The No-Nonsense Guide to Human Rights: Mid-Week Review

By Sam Ryan
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By Sam Ryan

I hadn’t planned to buy a copy of The No-Nonsense Guide to Human Rights when I attended the book’s launch at the Melbourne Writers Festival in September. The launch barely touched on the book, but the speeches, discussing a similar range of human rights issues, somehow inspired me to do so.

My reading of the book itself was similarly worthwhile yet short of hopes and expectations.

The No-Nonsense Guide to Human Rights is part of a series published by New Internationalist that provides “rigorous analysis and explanations of a number of global justice issues”. Other titles in the “no-nonsense” series cover issues such as globalisation, fair trade, climate change, world history, conflict and peace, science, and animal rights.

There is no question that authors Olivia Ball and Paul Gready deliver on the promise of a book that offers a one-stop shop for basic information on international human rights – a tool and reference point in promoting the cause.

The highlights throughout are the use of case studies … which bring the issues back to the real world and engage the reader’s sense of humanity.

The opening chapter considers the nature and (or versus) evolution of human rights, how human actions – both good and bad – led us to our current recognition of rights in international law. The chapter also covers differing cultural perspectives, in sum providing a fascinating context for and insight into modern rights struggles.

However it soon moves quickly into textbook style writing, at times a little legalese, making it less accessible for those with a mere passing interest, or less, in human rights – the very people I thought such a book should seek to engage. The highlights throughout are the use of case studies, mainly in boxed content used as supporting evidence, which bring the issues back to the real world and engage the reader’s sense of humanity. They offer some of the most powerful and thought-provoking accounts, data and quotes, such as that of late British actor and writer, Peter Ustinov, who said succinctly in 2003, “Terrorism is the war of the poor, and war is the terrorism of the rich.”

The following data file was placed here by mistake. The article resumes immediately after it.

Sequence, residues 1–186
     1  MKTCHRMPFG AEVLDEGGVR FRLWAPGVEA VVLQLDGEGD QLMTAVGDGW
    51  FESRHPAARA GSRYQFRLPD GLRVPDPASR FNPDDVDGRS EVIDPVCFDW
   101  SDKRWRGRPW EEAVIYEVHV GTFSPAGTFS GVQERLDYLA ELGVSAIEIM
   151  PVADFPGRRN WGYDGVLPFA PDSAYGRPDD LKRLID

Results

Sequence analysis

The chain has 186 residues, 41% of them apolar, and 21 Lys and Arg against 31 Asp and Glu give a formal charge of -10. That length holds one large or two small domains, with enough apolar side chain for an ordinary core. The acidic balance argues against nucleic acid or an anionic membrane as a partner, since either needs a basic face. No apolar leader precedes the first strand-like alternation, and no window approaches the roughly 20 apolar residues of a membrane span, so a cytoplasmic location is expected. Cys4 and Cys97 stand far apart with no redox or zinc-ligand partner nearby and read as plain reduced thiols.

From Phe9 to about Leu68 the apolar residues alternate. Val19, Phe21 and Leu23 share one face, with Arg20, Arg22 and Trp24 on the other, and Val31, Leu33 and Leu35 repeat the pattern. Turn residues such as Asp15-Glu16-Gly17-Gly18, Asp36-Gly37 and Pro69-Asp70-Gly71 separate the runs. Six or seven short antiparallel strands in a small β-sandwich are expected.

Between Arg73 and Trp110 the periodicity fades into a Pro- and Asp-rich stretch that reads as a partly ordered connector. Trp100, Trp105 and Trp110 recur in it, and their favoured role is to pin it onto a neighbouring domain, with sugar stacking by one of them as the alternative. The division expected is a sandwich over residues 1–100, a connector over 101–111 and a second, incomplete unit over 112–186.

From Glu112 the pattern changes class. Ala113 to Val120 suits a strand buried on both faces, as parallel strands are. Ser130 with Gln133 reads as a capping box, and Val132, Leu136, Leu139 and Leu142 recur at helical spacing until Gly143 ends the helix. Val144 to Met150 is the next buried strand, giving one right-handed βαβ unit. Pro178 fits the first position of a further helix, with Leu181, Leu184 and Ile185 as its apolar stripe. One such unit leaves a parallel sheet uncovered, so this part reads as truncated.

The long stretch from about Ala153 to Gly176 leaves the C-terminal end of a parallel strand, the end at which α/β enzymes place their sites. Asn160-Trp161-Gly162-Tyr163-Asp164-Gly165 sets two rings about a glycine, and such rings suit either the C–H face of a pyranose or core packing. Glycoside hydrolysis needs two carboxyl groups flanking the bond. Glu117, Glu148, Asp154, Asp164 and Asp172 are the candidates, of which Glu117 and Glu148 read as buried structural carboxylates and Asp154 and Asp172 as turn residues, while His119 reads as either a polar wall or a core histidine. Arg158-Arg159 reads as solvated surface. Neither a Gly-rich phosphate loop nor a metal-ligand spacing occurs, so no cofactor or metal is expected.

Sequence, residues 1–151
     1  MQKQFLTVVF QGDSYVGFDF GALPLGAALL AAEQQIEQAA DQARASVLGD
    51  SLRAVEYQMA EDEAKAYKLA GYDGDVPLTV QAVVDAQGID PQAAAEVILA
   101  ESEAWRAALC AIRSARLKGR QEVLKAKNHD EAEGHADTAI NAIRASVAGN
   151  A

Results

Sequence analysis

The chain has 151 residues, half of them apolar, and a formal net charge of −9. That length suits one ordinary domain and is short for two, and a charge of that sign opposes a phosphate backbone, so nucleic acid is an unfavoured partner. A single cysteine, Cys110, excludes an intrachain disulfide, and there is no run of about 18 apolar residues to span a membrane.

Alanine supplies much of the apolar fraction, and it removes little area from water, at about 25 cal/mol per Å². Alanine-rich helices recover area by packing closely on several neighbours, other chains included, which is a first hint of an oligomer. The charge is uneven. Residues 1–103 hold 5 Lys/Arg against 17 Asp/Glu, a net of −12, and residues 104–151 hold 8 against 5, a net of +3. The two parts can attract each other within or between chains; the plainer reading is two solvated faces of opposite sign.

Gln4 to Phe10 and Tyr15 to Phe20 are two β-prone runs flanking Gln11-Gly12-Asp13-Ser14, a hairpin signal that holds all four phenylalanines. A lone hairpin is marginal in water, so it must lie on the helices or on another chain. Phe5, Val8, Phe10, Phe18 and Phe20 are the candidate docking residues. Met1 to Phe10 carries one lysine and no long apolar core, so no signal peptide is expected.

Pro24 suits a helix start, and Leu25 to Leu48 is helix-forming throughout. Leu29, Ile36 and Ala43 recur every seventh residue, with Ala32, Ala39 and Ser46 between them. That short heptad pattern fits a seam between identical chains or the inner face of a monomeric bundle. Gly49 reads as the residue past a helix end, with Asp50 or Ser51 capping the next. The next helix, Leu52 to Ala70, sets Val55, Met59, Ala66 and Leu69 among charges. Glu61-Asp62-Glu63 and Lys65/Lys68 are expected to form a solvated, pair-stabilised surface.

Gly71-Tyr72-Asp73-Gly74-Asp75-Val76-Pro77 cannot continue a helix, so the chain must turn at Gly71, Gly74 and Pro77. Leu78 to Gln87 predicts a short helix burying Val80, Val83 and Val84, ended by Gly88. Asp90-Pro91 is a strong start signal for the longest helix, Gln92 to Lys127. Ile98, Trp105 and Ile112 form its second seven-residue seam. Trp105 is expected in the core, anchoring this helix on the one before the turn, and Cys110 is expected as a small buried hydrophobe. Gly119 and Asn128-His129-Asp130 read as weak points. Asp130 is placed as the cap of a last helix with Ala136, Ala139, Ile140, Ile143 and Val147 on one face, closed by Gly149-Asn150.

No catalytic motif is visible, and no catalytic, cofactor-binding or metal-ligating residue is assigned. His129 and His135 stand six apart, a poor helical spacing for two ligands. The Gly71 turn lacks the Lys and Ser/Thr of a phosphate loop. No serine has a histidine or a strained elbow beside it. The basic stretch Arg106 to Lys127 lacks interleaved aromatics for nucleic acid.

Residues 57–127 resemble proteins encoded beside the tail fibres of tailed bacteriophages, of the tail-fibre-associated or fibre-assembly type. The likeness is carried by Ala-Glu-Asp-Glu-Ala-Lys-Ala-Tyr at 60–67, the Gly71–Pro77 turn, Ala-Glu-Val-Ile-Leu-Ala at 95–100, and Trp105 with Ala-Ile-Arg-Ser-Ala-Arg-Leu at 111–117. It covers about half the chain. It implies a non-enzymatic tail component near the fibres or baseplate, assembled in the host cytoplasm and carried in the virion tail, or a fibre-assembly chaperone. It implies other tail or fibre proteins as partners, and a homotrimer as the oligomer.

… I would say everyone (who is not an expert in human rights) should read it. It clearly demonstrates how far we have come, and how terribly far we still have to go.

Also disappointing, given the amount of statistics and data in the book, is the fact that it appears to have been relaunched in 2012 without revision since 2006. Under the impression it was a current book, it wasn’t until I read a reference to potential war crimes charges being laid against Donald Rumsfeld (for authorisation of torture) “when he leaves office”, that I flicked back and checked the publication details. Given the constantly moving nature of the subject matter and the raft of statistics, the information should have been revised if it was going to be reprinted (it was in 2009), and it’s unclear why it has been, at least implicitly, promoted as a current book.

The textbook style is to some degree necessary for the purpose of the book in providing contextual background and information. Overall it is worth reading; in fact I would say everyone (who is not an expert in human rights) should read it. It clearly demonstrates how far we have come, and how terribly far we still have to go.

… there are many critical facts, arguments and issues raised within its pages that demand greater exposure.

Indeed it is a handy reference tool for those of us who are interested and engaged in human rights with discussion not just of a wide range of rights and issues, but also ways and means of pursuing the cause, and questions about the most effective courses of action. Yet it’s failing is in its style.

In his forward for The No-Nonsense Guide to Human Rights, Desmond Tutu commends the book as “a call to question, to think, to act, and to contribute.”

I can’t help feeling The No-Nonsense Guide to Human Rights meets these objectives dutifully but without being accessible to those not already engaged; that it could have been something more – something I could recommend to all my friends, not just those with an existing interest in the area. Because there are many critical facts, arguments and issues raised within its pages that demand greater exposure.

Then again, perhaps it is merely meant to be a tool in our pursuit to engage others, in which capacity it is a worthy one.

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